Cindy and I enjoyed summer 2019 in Seattle. After a summer and fall in Patagonia, we felt we deserved a proper summer. Pazzo waited patiently for us on the hard at Club Reloncavi, tucked behind a tall stand of fir trees to break the wind and drying out with the help of a constantly running dehumidifier.
I returned to Puerto Montt on October 12, 2019, a week ahead of Cindy, in order to take care of a few messy projects that would require dismantling the boat. We had been warned, but were not really prepared for the political unrest we found in Chile. A 20-cent fare increase in Chile’s public transit systems sparked a massive country-wide protest of Chile’s economic inequality. We felt safe and Pazzo was secure in the Reloncavi compound, but in Puerto Montt’s central district, banks, government offices and stores were assailed with broken windows and aggressive graffiti. Multi-national operations like McDonalds and banks were heavily targeted and forced to close. A curfew was in effect at night. Protests were mainly confined to the evening hours so we were able to take care of our preparations during mid-day.
Bolivia and Peru
Pazzo would wait on the hard while we explored Bolivia and Peru. So, on October 23, we hopped a flight to La Paz, Bolivia. With only ourselves to blame, we were caught off-guard at the La Paz airport where the immigration officer demanded our Visas. Americans need visas to visit Bolivia? Really? Apparently so; no doubt a tit-for-tat policy as Bolivians need a visa for America. $162 dollars each bought us 10-year multiple entry visas… never mind that we don’t intend to return.
Unbeknownst to us, 2019 was turning in to a tour of unrest. Our Bolivian adventure coincided with the political death of President Evo Morales following allegations of election fraud. Once again we found ourselves in a world of protests and political upheaval. Fortunately, our visit to Bolivia was during the early stages of unrest so we were able to freely tour La Paz along with Uyuni and the famous Bolivian Salt Flats. We understand that the country became quite unstable after we had moved on to Peru.
Son Zach met us in Cuzco, Peru for sightseeing and a 5-day hike along the Inca Trail, concluding at Machu Pichu, the country club of the Ancient Inca rulers. The hike at altitude was strenuous but we travelled in luxury with 9 porters and and superb guide (Jimmy) supporting our 3-client party. Cindy and I appreciated our acclimatization time at altitude in Bolivia before tackling the trail. Zach, with the advantage of youth and good conditioning had no difficulty at all. Why, you may wonder, would we need 9 porters? Apparently, there are quite a number of rules governing the Inca trail expedition services. One of these rules requires the services to pack in and pack back out everything they require for themselves and their clients. The one exception is sewage which can be deposited in proper bathroom facilities to be found every couple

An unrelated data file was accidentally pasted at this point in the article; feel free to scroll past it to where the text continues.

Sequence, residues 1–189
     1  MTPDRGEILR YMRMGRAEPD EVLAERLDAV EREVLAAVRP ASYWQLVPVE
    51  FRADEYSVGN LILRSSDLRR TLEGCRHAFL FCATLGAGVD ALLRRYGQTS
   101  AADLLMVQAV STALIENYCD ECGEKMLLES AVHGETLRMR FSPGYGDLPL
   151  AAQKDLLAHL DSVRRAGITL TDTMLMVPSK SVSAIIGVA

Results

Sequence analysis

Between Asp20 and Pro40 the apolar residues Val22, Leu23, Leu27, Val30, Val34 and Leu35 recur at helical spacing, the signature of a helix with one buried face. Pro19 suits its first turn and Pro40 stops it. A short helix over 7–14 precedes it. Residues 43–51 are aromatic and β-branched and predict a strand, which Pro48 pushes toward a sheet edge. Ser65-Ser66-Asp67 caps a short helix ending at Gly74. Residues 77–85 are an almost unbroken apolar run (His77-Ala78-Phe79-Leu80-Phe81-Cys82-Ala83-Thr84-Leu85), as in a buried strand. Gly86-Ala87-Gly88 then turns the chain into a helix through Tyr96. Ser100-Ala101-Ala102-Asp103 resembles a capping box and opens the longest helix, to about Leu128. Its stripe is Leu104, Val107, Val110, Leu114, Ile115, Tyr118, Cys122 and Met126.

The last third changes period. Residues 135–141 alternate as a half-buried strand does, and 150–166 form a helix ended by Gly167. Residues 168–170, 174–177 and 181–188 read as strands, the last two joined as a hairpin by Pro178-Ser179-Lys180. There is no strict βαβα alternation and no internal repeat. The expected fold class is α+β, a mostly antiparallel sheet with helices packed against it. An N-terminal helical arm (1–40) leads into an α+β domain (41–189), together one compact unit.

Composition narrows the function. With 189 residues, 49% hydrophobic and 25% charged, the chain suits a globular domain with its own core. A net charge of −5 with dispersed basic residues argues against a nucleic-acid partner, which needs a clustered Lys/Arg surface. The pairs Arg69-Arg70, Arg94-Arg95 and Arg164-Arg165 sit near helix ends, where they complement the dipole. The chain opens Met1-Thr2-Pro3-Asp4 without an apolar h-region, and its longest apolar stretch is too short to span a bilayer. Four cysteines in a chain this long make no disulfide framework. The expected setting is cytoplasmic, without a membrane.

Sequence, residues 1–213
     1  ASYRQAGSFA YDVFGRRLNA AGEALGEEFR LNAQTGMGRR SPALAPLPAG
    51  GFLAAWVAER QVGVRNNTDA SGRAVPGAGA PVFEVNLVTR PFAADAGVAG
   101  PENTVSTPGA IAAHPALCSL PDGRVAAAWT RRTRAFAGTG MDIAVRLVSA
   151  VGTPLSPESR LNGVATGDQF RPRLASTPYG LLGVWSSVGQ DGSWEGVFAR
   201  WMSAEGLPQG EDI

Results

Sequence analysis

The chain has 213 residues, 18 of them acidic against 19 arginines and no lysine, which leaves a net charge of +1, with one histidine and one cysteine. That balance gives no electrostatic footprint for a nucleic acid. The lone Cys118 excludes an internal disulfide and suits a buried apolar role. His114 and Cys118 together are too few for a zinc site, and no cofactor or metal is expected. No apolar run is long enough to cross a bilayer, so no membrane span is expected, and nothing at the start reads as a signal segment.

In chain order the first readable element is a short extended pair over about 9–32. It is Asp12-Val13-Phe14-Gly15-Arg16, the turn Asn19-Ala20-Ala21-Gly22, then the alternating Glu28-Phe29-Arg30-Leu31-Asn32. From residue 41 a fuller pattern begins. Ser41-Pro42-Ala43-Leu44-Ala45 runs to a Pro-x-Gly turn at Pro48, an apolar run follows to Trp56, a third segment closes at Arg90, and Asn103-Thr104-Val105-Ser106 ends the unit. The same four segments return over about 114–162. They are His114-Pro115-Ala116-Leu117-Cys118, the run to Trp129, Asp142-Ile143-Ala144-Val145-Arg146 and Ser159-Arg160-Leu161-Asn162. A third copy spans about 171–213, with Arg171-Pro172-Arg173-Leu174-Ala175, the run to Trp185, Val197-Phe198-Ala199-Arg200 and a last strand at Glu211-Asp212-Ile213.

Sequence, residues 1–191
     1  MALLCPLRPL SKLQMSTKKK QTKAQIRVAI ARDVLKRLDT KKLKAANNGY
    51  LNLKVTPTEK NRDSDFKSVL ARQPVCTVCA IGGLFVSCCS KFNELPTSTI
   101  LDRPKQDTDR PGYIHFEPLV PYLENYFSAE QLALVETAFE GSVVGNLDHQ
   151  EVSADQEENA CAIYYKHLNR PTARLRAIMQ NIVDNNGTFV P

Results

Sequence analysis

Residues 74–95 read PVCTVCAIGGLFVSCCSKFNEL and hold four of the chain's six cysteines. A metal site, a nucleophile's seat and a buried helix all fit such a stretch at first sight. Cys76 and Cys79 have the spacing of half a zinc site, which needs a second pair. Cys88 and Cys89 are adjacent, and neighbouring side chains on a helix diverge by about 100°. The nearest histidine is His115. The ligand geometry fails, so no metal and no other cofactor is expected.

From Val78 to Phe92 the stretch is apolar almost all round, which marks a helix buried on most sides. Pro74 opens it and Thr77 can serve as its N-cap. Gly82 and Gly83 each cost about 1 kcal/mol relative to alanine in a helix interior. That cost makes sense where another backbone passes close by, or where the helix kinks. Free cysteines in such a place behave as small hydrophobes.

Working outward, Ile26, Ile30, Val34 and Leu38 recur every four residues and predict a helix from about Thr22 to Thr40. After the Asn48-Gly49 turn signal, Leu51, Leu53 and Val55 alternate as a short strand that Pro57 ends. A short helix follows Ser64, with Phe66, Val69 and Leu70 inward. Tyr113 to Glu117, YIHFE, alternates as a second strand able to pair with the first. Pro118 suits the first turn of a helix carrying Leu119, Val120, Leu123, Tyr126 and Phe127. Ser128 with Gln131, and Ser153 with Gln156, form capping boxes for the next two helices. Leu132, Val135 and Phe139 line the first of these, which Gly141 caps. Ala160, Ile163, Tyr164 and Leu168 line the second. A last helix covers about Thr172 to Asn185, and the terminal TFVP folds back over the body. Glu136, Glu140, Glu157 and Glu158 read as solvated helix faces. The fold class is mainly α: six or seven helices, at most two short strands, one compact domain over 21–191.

of days along the trail. This means that sewage must be collected in portable toilets and carried (by porter) to the next bathroom. There are no pack animals allowed on most of the trail. The weight a porter may carry is also limited. The porter chief dutifully weighs each porter’s pack at the start of each day. The porter team, therefore must carry tents, cooking gear, cooking gas, food for 3 clients plus guide plus 9 porters for 5 days, water for the entire team for one or two days, a portable toilet, 50% of the client’s personal gear, and their own personal gear. All up, it’s quite a load. In our opinion, we could have shed a couple of porters if we’d have carried all our own personal gear and eaten a bit less extravagantly. After all, who needs fresh-made soup with every lunch and dinner?
Emerging thru the Sun Gate with the majesty of Machu Pichu perched on the hillside across the valley was a powerfully moving sight. Our arrival late in the afternoon offered fabulous lighting for Cindy’s pictures. Similarly, the morning light for our next-day return and detailed tour of the ruins was equally rewarding.
Following Machu Pichu, we flew to Puno on the Peruvian shore of Lake Titicaca where we called in at Uros, the floating reed islands and Taquile, an untouched traditional Island in the Lake T. We over-nighted with a kind family and spent a day learning of their traditional life style. Fascinating!
Our visit to Peru concluded in the sprawling city of Lima. We came away with wonderful photos and memories of a special country and incredible cuisine. Food is an art in Peru, as beautiful to look at as it is delicious. Unfortunately, each of us suffered intestinal problems at one point or another, putting a damper on our post-machu-pichu experience.